What is Structural Analysis?

Structural Analysis: Vital in Everyday Engineering

In essence, structural analysis is the process of studying a structure, which can take one of many forms, with the goal of understanding how it will behave under certain loading conditions. Many objects that are part of our lives, from something as small as a toothbrush, to larger things like cars and buildings, were engineered with structural soundness in mind in order to serve their intended purpose, time and time again.

From Cell Phones to Cars: the “Impact” on Everyday Objects

If you have ever accidentally dropped your cell phone, you may have wondered how much damage was actually done to it. Maybe you have even asked yourself:

  • What specifically has to happen upon impact for the screen to shatter?
  • What happens to the electronics inside?
  • How exactly does a protective case limit the damage, and by how much?

These are all questions that have pretty complex answers, which can thankfully be found through structural analysis! Gaining a better understanding of the materials and construction of the phone, as well as the physics of the impact, plays a crucial role in answering these questions.

cell phone with cracked screen laying on ground

Impact Test Example

Let’s consider an example of an impact test on a circuit board (Figure 1). Much like how a tuning fork vibrates when you strike it against a surface, the circuit board will also vibrate on impact, but much more randomly. This can all be analyzed to get a sense of how close the circuit board will get to structural failure.

analysis of a pcb board being dropped
Figure 1
Analysis of a dropped PCB board

Structural Analysis in Car Safety

When you buy a car, you may be aware that it went through rigorous safety testing before entering the market. But, what are manufacturers really looking for with this testing? What information do they get from running so many different kinds of tests (e.g., frontal crash with full or partial overlap, side crash, roof crush, seats testing, headlight testing, crash prevention system testing)? What else in the car keeps occupants safe in addition to just the seatbelts and airbags?

Crumple Zone Analysis

There actually is another crucial safety feature in cars during a crash: the crumple zone (Figure 2). Crumple zones are areas in the car designed specifically to crumple on impact, so that the car takes on as much of the impact force in a crash as possible in order to limit injury to the occupants. This, and many other features that are studied in crash tests, are all part of a very complex structural analysis that serves to make cars safer for everyone.

simulation of a crash test clearly showing the built-in crumple zones in action
Figure 2
Simulation of a crash test clearly showing the built-in crumple zones in action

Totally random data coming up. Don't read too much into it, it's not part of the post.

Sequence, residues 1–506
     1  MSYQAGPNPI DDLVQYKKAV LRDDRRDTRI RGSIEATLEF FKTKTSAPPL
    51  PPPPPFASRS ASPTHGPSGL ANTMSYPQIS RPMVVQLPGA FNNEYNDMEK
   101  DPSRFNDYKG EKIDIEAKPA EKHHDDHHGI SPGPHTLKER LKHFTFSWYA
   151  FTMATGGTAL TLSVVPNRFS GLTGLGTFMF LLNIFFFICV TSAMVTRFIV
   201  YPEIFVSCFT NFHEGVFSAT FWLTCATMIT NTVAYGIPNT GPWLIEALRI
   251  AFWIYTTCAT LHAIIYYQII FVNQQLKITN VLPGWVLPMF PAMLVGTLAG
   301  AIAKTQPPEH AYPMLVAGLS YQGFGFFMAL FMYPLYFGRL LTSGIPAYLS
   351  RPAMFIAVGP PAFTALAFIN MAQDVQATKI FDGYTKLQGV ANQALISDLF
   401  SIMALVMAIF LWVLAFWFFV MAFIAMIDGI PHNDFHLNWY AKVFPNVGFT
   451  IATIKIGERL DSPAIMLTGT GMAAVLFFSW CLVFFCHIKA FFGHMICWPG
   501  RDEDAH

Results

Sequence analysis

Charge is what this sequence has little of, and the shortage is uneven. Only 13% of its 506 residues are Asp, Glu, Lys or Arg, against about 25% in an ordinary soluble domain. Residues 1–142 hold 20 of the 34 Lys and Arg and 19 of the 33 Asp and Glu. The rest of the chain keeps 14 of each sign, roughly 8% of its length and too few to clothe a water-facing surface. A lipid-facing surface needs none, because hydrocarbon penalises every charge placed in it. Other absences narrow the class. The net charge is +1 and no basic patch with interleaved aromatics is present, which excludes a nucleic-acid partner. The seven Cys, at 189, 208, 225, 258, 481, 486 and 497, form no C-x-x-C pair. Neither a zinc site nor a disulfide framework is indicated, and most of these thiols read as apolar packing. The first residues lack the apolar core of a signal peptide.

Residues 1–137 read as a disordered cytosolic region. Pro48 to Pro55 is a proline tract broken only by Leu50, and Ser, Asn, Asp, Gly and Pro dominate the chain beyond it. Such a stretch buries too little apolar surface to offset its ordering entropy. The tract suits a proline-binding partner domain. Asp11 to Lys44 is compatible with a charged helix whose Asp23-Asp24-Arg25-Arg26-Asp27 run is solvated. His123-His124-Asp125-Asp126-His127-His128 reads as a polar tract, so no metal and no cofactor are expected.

The Role of Advanced Materials

Finally, let’s explore the idea of advanced materials such as composites. Structures made from composites can be just as strong as those made from steel while also being much more lightweight! In fact, composites are regarded as an excellent option for high-performance sporting equipment, such as skis, bicycle frames, hockey sticks, tennis rackets, and kiteboards (Figure 3).

Analyzing Composites

Since composites by their very nature are a combination of different materials, this fact alone introduces its own complexity to the structure. Determining failure in a composite involves a very different, much more exhaustive set of rules than in more traditional materials such as metals. Fortunately, there are powerful tools for engineers to be well equipped to study composites and perfect their designs before releasing them into the market.

simulation of a kiteboard failure
Figure 3
Simulation of a kiteboard after experiencing a failure

Summing It Up

In summary, structural analysis can be applied to anything and everything that undergoes physical loading. Such insight on structural performance is the basis on which the things we use can serve to improve our everyday lives.

Next Steps for Engineers

Utilizing advanced simulation software like Ansys Mechanical, LS-DYNA, and Sherlock can significantly enhance the accuracy and efficiency of predicting and addressing complex structural analysis situations. These tools enable engineers to model and analyze the behavior of materials and components under various conditions, providing valuable insights that can inform design decisions. By incorporating these simulations early in the design process, companies can save time and money by identifying potential issues before physical prototypes are created, ultimately leading to more robust and reliable products.

Interested in learning more about Ansys simulation software or speaking with an expert about Structural/FEA Consulting, mentoring or a testing project?

About the Author

Alex Dondish

Alex Dondish, M.S. Mechanical Engineering
FEA Engineer

Alex is an FEA engineer analyst with specialization in advanced composite materials and primary interests in the automotive and aerospace industries. He has experience with various cutting-edge software and hands-on materials testing and manufacturing. Alex sits in SimuTech Group’s Toronto office, is an avid language learner and holds a Bachelor of Engineering and a Master of Science in Mechanical Engineering from York University.

Connect with Alex on LinkedIn

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